For Immediate Release
David Vance, email@example.com
Maryland Legislature Rescinds Call for Dangerous Constitutional Convention in the Face of Nationwide Special Interests Push
Today the Maryland legislature voted to protect every Americans’ constitutional rights by rescinding its calls for a dangerous Article V constitutional convention. State lawmakers cited the threat of a “runaway convention,” which could result in major changes to the U.S. Constitution and its protections in a process bankrolled by special interests.
“The legislature took an important step in helping stop an effort that could put everyone’s rights up for grabs,” said Jennifer Bevan-Dangel, executive director of Common Cause Maryland. “Maryland’s rescission is a big step back for the special interests group that are leading a nationwide push to call for a dangerous Article V convention. Common Cause Maryland thanks the legislative leaders, including Del. Bill Frick and Sen. Rich Madaleno, and our organizational partners who recognized this threat and took action to protect all Marylanders’ and Americans’ constitutional and civil rights.”
For the last two years, Common Cause Maryland was one of several groups leading the push for the legislature to rescind its previous Article V convention calls. Other organizations who supported the rescission effort include the ACLU of Maryland, AFSCME, the Maryland Center on Economic Policy, the League of Women Voters of Maryland, the Maryland State Education Association, the Maryland State and District of Columbia AFL-CIO, and SEIU.
“The Maryland legislature’s actions are extremely important in protecting our constitution and every Americans’ basic rights from deep-pocketed special interests seeking to rewrite the Constitution to their own advantage,” said Karen Hobert Flynn, president of Common Cause. “An Article V convention is one of the most dangerous threats facing our nation, and other states need to look at Maryland’s leadership and rescind their calls. The big money backers of the Article V push have not been shy about pushing legislation nationwide that benefit their business interest, through vehicles like ALEC.”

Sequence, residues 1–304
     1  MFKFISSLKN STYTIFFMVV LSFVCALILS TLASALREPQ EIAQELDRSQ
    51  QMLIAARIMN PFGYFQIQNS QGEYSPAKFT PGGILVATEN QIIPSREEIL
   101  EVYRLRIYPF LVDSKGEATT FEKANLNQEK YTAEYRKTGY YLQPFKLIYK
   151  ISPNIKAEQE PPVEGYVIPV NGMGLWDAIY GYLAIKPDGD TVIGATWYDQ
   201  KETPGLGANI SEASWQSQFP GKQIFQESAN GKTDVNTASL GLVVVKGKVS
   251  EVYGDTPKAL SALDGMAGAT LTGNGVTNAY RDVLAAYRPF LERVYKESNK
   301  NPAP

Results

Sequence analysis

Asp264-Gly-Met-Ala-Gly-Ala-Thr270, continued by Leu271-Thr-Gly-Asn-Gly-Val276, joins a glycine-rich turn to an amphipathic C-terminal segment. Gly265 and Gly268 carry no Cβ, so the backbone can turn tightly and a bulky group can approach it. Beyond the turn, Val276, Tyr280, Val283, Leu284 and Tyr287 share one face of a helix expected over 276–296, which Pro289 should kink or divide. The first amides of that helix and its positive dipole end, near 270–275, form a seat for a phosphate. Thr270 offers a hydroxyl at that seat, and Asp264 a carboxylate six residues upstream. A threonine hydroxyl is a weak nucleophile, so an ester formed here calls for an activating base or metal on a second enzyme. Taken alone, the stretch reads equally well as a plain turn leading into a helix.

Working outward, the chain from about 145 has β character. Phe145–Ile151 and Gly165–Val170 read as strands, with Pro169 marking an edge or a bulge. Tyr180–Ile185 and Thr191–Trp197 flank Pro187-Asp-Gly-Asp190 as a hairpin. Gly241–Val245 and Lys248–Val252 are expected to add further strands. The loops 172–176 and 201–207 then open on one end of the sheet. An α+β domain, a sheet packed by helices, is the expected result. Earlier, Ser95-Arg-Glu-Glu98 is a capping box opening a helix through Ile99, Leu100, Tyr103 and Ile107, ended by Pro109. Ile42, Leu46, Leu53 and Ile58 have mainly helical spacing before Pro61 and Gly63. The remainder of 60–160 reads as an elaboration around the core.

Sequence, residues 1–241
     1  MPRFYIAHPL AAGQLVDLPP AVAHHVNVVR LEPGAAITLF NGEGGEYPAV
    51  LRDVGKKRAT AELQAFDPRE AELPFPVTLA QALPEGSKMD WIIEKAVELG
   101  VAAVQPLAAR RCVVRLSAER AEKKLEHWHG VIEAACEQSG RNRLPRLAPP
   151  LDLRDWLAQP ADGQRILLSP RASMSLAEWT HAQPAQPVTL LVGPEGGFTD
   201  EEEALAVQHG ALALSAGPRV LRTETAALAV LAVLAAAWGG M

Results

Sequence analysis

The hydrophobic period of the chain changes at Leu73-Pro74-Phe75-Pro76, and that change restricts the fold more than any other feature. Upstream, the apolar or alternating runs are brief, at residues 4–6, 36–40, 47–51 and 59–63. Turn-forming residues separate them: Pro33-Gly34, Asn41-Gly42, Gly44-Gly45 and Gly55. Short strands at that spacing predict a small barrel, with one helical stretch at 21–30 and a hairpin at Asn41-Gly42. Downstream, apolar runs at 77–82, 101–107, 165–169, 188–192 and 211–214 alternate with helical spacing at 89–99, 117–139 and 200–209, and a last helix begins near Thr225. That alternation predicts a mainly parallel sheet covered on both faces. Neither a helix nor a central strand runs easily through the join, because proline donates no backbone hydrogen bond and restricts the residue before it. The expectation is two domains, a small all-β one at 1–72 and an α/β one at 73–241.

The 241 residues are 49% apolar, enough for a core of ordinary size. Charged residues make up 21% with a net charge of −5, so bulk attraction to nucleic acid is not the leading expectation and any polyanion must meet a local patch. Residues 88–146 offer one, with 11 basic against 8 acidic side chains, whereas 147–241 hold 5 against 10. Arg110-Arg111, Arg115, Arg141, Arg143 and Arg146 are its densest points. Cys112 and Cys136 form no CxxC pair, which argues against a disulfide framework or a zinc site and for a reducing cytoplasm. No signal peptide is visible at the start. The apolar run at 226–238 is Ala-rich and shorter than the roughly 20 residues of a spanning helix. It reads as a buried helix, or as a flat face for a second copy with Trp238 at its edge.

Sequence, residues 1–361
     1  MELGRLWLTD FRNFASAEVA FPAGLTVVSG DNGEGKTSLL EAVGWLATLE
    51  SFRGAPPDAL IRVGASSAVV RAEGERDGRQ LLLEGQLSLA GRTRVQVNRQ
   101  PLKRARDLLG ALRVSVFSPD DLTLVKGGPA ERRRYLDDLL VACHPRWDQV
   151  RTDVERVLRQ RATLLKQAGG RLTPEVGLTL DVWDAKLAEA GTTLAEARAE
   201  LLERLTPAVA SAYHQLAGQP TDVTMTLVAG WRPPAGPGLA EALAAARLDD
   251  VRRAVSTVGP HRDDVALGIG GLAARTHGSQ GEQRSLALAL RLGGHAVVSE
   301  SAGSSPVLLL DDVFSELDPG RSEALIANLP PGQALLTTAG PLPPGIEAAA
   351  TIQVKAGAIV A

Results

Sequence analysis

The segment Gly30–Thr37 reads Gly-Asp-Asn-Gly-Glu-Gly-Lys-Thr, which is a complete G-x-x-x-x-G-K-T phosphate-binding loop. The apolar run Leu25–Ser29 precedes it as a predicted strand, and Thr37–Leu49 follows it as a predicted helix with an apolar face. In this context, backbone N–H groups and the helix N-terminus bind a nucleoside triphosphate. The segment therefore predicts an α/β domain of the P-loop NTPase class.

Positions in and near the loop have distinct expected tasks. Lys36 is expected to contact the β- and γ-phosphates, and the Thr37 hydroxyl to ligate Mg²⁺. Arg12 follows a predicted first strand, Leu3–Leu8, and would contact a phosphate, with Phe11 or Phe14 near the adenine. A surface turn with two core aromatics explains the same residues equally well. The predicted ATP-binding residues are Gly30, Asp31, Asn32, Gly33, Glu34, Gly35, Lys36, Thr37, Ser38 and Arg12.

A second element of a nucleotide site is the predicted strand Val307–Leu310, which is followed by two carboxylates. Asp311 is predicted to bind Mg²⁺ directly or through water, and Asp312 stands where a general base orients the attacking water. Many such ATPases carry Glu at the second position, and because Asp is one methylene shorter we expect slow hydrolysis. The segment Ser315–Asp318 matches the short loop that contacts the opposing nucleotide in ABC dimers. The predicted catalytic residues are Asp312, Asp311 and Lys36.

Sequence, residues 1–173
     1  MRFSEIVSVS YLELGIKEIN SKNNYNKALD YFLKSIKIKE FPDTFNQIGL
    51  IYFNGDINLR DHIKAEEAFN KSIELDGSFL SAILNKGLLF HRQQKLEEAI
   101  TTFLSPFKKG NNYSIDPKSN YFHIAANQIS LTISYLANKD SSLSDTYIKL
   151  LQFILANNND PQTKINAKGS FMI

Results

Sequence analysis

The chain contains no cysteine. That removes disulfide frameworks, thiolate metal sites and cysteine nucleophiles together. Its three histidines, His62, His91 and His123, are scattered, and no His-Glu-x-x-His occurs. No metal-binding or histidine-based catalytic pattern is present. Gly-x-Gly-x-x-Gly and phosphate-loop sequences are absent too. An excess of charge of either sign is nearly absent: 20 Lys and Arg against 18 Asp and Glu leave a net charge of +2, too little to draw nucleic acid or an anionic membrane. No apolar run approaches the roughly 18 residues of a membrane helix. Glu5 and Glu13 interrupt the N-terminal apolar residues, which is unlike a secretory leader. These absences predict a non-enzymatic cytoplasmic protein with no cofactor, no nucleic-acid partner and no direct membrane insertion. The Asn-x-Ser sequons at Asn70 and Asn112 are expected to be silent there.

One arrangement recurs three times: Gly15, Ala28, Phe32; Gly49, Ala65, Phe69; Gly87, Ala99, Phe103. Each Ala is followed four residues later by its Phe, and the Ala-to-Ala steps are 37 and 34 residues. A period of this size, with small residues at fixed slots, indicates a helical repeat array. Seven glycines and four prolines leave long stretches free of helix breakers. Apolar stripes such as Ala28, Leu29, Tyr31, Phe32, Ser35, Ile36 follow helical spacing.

Even with Maryland’s rescission, Article V and Balanced Budget Amendment (BBA) proponents claim to be just six states away from reaching the constitutionally required 34 states to call a convention. Republicans now control seven of the 20 state legislatures that do not have an existing application for a convention for a BBA: Idaho, Montana, Minnesota, Wisconsin, Kentucky, Virginia, and South Carolina.
In 2016, Article V resolutions were passed in West Virginia and Oklahoma and earlier this year Wyoming and Arizona passed Article V resolutions. Article V proponents are still closer than ever before to reaching the constitutional threshold. Maryland is third state to recently rescind its Article V convention applications, after Delaware (2016) and New Mexico (2017).
Activists on the left have called for an Article V convention on other matters but the risk of a runaway convention is the same regardless of the cause. Although there has been bipartisan opposition to an Article V convention, the push for a convention to impose a balanced budget amendment is being led by Republican legislators and conservative special interest groups bankrolled by billionaires like the Koch Brothers. A leader in the push to rewrite the Constitution is the American Legislative Exchange Council
(ALEC), a corporate lobby that masquerades as a charity to provide its corporate backers with a tax break. Despite claims by ALEC and other convention proponents, most legal scholars agree that a convention cannot be limited to one issue. With no rules governing a convention, a runaway convention involving a major overhaul of the Constitution would likely result.
Common Cause recently updated its issue background memo on this issue, outlining the dangers of both a constitutional convention and a federal balanced budget amendment: U.S. Constitution Threatened as Article V Convention Movement Nears Success.
To view this release online, click here.
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